Wednesday, May 16, 2018

"B'ezrat Hashem"

"B'ezrat Hashem, we'll be there." 

"B'ezrat Hashem, we'll see you over Pesach."

"The party will be on Sunday, b'ezrat Hashem."



Gdwilling. That's all it means. 

Literally defined as "with Gd's help," b'ezrat Hashem is a common phrase sprinkled in conversation. It can technically be used anywhere in the sentence where an interjection would be appropriate. In practice, it's usually said at the beginning and sometimes the end of a sentence. 

It's just as common to hear people say, "Gdwilling" in English. Or not using a phrase like this at all. If you want to add either phrase, feel free to. But also don't feel pressured to. I know I felt pressured to, but I eventually came to really embrace "Gdwilling" as a common feature in my speech for its own sake. If anything, I actually feel like I say it too frequently, which is a different problem. (I hate so much repetition - words quickly lose their meaning if I say them too often in a short period of time and I begin tripping over the sounds. Like saying avocado 15 times in a row. Try it if you don't know what I'm talking about.)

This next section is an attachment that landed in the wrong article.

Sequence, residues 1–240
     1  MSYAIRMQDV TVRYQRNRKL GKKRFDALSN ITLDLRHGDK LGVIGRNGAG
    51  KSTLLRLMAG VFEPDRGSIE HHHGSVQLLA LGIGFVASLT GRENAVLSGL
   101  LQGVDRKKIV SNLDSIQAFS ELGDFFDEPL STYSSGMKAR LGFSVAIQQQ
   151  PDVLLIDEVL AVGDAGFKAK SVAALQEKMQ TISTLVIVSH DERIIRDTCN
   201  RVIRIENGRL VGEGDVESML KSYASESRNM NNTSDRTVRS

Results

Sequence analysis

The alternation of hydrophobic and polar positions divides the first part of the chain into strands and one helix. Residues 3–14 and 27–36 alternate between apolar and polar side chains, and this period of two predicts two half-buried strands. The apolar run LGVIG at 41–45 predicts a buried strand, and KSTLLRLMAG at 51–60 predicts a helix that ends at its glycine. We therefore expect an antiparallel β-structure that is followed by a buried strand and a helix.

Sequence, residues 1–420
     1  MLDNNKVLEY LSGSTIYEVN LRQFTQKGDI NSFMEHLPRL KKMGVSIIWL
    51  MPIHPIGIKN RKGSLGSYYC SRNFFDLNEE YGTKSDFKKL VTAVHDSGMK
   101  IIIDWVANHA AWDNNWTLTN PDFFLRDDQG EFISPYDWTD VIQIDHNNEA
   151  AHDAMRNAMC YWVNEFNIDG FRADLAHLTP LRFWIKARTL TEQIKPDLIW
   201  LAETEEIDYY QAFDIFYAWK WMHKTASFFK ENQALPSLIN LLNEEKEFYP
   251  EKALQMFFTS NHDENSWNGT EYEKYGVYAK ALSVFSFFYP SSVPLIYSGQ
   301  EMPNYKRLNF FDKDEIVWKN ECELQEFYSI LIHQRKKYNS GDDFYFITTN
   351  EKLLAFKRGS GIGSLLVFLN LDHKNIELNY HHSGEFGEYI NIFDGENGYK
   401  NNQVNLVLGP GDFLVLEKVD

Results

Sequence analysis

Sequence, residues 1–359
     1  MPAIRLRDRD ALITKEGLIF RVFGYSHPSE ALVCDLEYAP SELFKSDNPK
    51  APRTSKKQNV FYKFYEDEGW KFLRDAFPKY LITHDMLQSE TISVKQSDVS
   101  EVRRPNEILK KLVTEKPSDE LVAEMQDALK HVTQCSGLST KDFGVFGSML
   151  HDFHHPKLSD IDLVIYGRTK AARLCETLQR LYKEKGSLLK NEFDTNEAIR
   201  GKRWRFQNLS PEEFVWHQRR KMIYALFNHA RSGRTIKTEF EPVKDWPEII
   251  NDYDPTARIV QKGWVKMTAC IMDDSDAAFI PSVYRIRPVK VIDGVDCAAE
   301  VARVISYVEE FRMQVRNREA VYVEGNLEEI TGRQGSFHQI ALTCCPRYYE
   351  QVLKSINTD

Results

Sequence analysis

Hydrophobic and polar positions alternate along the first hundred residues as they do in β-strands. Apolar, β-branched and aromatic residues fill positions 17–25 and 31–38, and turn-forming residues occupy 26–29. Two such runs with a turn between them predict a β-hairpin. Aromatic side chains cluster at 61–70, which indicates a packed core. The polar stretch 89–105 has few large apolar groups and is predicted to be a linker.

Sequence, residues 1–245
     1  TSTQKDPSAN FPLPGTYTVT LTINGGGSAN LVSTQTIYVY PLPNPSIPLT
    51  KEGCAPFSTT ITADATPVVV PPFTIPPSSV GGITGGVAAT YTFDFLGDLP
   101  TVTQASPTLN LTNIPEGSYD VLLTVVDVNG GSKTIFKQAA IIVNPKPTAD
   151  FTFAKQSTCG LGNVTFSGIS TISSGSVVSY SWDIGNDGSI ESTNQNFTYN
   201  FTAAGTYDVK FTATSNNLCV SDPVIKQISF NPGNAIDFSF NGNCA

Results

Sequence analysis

One wrinkle here is seeing Bezrat Hashem in writing. People often write BH or B"H as shorthand for it. Except that those acronyms could just as well mean "Baruch Hashem" (Thank Gd). So you have to use context clues to figure out which one is meant, but neither phrase is integral to understanding the message itself and can be ignored if needed. 

1 comment:

  1. That last paragraph!! As a BT JFB, I didn't even know about b'ezrat(s) Hashem until I don't even know when. But, you can be sure I was seriously confused by "baruch Hashem" being used in places where I just couldn't figure out why it was being used!

    ReplyDelete